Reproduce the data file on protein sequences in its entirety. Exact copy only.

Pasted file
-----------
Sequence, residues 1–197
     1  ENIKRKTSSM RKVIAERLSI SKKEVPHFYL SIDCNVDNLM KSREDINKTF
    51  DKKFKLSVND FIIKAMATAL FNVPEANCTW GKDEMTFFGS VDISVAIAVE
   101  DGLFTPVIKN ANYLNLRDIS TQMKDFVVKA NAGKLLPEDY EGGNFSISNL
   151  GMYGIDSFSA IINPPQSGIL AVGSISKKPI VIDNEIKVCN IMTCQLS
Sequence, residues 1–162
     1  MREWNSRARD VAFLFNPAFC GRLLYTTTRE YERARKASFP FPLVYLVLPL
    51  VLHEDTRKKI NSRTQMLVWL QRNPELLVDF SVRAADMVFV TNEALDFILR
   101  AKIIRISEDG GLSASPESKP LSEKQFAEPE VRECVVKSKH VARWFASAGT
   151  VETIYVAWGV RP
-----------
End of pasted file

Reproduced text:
Sequence, residues 1–197
     1  ENIKRKTSSM RKVIAERLSI SKKEVPHFYL SIDCNVDNLM KSREDINKTF
    51  DKKFKLSVND FIIKAMATAL FNVPEANCTW GKDEMTFFGS VDISVAIAVE
   101  DGLFTPVIKN ANYLNLRDIS TQMKDFVVKA NAGKLLPEDY EGGNFSISNL
   151  GMYGIDSFSA IINPPQSGIL AVGSISKKPI VIDNEIKVCN IMTCQLS
Sequence, residues 1–162
     1  MREWNSRARD VAFLFNPAFC GRLLYTTTRE YERARKASFP FPLVYLVLPL
    51  VLHEDTRKKI NSRTQMLVWL QRNPELLVDF SVRAADMVFV TNEALDFILR
   101  AKIIRISEDG GLSASPESKP LSEKQFAEPE VRECVVKSKH VARWFASAGT
   151  VETIYVAWGV RP